Christine Keiner, Deep Cut: Science, Power, and the Unbuilt Interoceanic Canal. University of Georgia Press, 2020. Paperback ISBN: 978-0-8203-3895-8, 271 pages. Open Access ebook available through the Sustainable History Monograph Pilot (SHMP).
by Penelope Hardy
In the past year, thanks in large part to the plight of the container ship Ever Given, which managed to get stuck in the Suez Canal in March 2021, the broader public has paid more attention than usual to canals. While old hat for scholars of the maritime, this awareness of global shipping is new for much of the public, who suddenly realized the extent of their reliance on maritime supply chains and the fragility of an industry that relies on such choke-points to supply the global economy.
In Deep Cut: Science, Power and the Unbuilt Interoceanic Canal, historian of science Christine Keiner provides some deeper history on that other major canal route, the one in Panama. No, not that Panama Canal. Keiner here details the long history of efforts to build a sea-level canal across the American isthmus, first as an initial canal and later to replace the Panama Canal with its multiple locks, which was completed in the early twentieth century and within decades was already approaching obsolescence.
The sea-level replacement canal, upon which most of the book focuses, was long planned but never built, making it in one sense “a spectacular failure” (1). Yet Keiner convincingly argues that paying attention to the history of this failure, and to the failure of unbuilt technological mega-projects more broadly, is a worthwhile endeavor. Schemes for a new canal morphed over time as new technologies were developed and contested, and they involved not just the political contention around American hegemony in Latin America and Cold War concerns over the potential vulnerability of shipping, but also the contested expertise of a range of characters from engineers and advocates for the peaceful use of nuclear explosives to marine ecologists and environmentalists. Keiner also demonstrates that the unbuilt canal’s mere existence as a proposal served numerous purposes over the nineteenth and twentieth centuries, providing a field for scientific and technological imagining, but also a political means to address challenges ranging from the complicated US relationship with its southern neighbors, to the 1970s oil crisis, to increasing engagement with environmental issues in the latter portion of the twentieth century. In some sense, then, the planning was not a failure, as it was successfully leveraged for many other purposes.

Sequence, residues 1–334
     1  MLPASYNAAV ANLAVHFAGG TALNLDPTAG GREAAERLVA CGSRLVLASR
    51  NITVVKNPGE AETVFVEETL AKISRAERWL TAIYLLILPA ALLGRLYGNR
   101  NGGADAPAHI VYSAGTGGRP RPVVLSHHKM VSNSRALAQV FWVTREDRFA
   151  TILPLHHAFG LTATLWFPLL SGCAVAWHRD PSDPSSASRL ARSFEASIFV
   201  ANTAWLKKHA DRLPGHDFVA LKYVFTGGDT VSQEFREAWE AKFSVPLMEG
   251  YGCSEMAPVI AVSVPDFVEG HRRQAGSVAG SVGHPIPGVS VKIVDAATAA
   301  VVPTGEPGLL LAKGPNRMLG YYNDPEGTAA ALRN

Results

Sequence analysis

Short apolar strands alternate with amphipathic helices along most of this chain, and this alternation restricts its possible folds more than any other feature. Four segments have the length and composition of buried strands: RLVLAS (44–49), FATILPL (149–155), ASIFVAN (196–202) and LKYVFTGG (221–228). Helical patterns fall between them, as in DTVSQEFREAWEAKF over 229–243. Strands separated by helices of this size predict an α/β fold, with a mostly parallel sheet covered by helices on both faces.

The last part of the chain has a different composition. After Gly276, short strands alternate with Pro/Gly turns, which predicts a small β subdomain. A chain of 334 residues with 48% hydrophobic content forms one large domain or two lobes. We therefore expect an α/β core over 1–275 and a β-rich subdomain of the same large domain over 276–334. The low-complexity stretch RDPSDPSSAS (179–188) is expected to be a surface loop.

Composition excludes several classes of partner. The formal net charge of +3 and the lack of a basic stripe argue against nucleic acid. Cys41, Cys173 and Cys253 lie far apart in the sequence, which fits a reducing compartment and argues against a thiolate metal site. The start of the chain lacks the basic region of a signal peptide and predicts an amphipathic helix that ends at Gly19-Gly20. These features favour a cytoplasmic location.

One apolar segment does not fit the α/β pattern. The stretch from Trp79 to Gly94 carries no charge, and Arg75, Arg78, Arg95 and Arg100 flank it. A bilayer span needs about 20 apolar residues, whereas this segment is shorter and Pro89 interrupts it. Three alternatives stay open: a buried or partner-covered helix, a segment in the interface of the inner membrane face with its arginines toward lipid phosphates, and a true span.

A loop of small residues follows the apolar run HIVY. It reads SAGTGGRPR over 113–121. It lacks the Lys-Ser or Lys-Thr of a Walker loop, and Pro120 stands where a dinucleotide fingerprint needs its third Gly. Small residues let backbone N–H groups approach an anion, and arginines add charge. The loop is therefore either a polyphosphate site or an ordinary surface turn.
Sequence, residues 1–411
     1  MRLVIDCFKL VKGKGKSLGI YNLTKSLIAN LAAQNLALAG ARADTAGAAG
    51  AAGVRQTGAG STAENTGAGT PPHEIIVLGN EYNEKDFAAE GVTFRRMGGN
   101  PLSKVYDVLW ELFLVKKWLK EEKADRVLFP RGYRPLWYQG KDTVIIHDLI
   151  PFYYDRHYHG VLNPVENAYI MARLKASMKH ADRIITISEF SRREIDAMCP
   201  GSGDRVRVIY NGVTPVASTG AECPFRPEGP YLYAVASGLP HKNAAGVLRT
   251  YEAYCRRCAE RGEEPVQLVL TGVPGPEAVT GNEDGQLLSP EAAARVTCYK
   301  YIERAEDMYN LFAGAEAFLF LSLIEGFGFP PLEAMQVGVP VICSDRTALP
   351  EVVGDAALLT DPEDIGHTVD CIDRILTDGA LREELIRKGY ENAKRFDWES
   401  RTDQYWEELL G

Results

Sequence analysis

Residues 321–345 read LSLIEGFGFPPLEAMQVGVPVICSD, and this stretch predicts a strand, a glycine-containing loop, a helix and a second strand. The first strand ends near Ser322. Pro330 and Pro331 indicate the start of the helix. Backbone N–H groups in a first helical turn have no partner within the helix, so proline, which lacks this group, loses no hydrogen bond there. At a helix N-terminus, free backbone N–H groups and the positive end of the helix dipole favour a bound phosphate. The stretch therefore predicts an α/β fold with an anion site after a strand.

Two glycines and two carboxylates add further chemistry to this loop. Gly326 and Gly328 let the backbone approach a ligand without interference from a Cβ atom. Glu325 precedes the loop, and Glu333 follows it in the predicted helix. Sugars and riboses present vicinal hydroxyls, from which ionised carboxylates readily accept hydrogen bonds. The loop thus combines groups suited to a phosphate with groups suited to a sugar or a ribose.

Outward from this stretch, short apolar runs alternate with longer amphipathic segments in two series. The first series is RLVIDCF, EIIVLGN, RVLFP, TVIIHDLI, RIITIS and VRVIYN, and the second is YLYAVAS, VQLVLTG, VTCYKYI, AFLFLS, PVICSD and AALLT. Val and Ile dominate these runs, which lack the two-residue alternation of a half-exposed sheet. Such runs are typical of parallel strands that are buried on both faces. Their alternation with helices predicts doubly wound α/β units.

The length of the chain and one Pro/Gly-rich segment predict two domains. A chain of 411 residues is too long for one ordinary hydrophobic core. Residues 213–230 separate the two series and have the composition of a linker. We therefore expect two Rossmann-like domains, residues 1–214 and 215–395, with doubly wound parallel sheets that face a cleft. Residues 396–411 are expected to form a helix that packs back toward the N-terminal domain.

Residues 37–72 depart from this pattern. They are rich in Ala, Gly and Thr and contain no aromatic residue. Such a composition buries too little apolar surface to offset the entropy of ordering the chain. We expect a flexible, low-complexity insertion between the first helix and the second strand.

Readers of Keiner’s first book The Oyster Question will recognize her adroit handling of many multiple threads, tying political, diplomatic, maritime, technological, and environmental histories into a compelling narrative that is accessible to multiple audiences. Historians who have addressed the sea-level canal project have tended to focus on the flashy Project Plowshare, the mid-twentieth-century scheme for mega-project construction through nuclear excavation. Keiner includes those plans, which lasted longer than those unfamiliar with the project would likely guess, but she demonstrates that contention over a potential new canal did not begin and end with contention over the use of nukes. In particular, she examines the roles of a new legal instrument—the environmental impact statement, which arose from the requirements of the National Environmental Policy Act of 1969 and seemed to take even the bill’s sponsors by surprise—and a new scientific sub-discipline that would become invasive species ecology, whose practitioners raised fears of the spread of marine predators from Pacific to Atlantic without the freshwater barrier inherent in the current canal’s lock-and-lake system. Keiner concludes by nodding to other proposed mega canal projects around the globe. As the consequences of Panama’s recent expansion of the existing canal demonstrates, “[g]lobal climate change is rendering it much more difficult to manage all kinds of infrastructural systems,” so planners of new or expanded mega-projects must deal not just with potential species exchange but also changing weather patterns and increasingly fraught issues around fresh water (184).
The book deserves attention from readers interested in maritime affairs, who may be particularly interested in the sheer length of historical concern over the canal’s functionality and vulnerability; in the history of technology, particularly of high modernism, technological mega-projects, and the history of failure; and in the growth of environmental lobbying, the ecological sciences, and their interactions with government. It also provides a fascinating angle on American political involvement in the isthmus, especially from the 1940s through the 1970s.
Penelope K. Hardy is an historian of science, technology, and medicine, and an assistant professor at the University of Wisconsin-La Crosse. She researches the history of ocean science and of its technologies.